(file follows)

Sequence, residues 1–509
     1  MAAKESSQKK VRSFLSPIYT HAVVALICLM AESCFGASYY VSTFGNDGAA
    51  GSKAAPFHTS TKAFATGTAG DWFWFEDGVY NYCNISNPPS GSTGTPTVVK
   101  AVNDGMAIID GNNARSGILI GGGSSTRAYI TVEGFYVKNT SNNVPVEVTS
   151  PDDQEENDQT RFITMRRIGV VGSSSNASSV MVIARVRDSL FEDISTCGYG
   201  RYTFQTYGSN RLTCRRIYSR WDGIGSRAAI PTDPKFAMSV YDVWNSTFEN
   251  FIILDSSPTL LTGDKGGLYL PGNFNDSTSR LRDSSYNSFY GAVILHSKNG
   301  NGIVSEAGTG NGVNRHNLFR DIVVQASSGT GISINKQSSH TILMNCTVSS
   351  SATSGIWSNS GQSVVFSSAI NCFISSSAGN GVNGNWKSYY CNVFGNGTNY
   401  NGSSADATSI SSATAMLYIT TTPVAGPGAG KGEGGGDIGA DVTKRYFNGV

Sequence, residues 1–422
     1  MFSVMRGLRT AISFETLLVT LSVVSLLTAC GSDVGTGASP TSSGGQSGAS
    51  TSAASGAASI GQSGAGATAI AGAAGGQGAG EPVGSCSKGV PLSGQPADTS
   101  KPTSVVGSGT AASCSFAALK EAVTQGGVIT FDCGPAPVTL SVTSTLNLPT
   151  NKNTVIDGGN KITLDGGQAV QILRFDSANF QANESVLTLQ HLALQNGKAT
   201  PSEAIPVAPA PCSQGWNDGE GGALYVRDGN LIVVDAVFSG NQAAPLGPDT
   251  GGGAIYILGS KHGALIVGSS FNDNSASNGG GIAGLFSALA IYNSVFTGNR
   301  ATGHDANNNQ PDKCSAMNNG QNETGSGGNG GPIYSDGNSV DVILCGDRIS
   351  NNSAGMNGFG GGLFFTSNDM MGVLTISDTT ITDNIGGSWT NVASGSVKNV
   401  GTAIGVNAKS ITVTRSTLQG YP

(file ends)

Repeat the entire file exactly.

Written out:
Sequence, residues 1–509
     1  MAAKESSQKK VRSFLSPIYT HAVVALICLM AESCFGASYY VSTFGNDGAA
    51  GSKAAPFHTS TKAFATGTAG DWFWFEDGVY NYCNISNPPS GSTGTPTVVK
   101  AVNDGMAIID GNNARSGILI GGGSSTRAYI TVEGFYVKNT SNNVPVEVTS
   151  PDDQEENDQT RFITMRRIGV VGSSSNASSV MVIARVRDSL FEDISTCGYG
   201  RYTFQTYGSN RLTCRRIYSR WDGIGSRAAI PTDPKFAMSV YDVWNSTFEN
   251  FIILDSSPTL LTGDKGGLYL PGNFNDSTSR LRDSSYNSFY GAVILHSKNG
   301  NGIVSEAGTG NGVNRHNLFR DIVVQASSGT GISINKQSSH TILMNCTVSS
   351  SATSGIWSNS GQSVVFSSAI NCFISSSAGN GVNGNWKSYY CNVFGNGTNY
   401  NGSSADATSI SSATAMLYIT TTPVAGPGAG KGEGGGDIGA DVTKRYFNGV

Sequence, residues 1–422
     1  MFSVMRGLRT AISFETLLVT LSVVSLLTAC GSDVGTGASP TSSGGQSGAS
    51  TSAASGAASI GQSGAGATAI AGAAGGQGAG EPVGSCSKGV PLSGQPADTS
   101  KPTSVVGSGT AASCSFAALK EAVTQGGVIT FDCGPAPVTL SVTSTLNLPT
   151  NKNTVIDGGN KITLDGGQAV QILRFDSANF QANESVLTLQ HLALQNGKAT
   201  PSEAIPVAPA PCSQGWNDGE GGALYVRDGN LIVVDAVFSG NQAAPLGPDT
   251  GGGAIYILGS KHGALIVGSS FNDNSASNGG GIAGLFSALA IYNSVFTGNR
   301  ATGHDANNNQ PDKCSAMNNG QNETGSGGNG GPIYSDGNSV DVILCGDRIS
   351  NNSAGMNGFG GGLFFTSNDM MGVLTISDTT ITDNIGGSWT NVASGSVKNV
   401  GTAIGVNAKS ITVTRSTLQG YP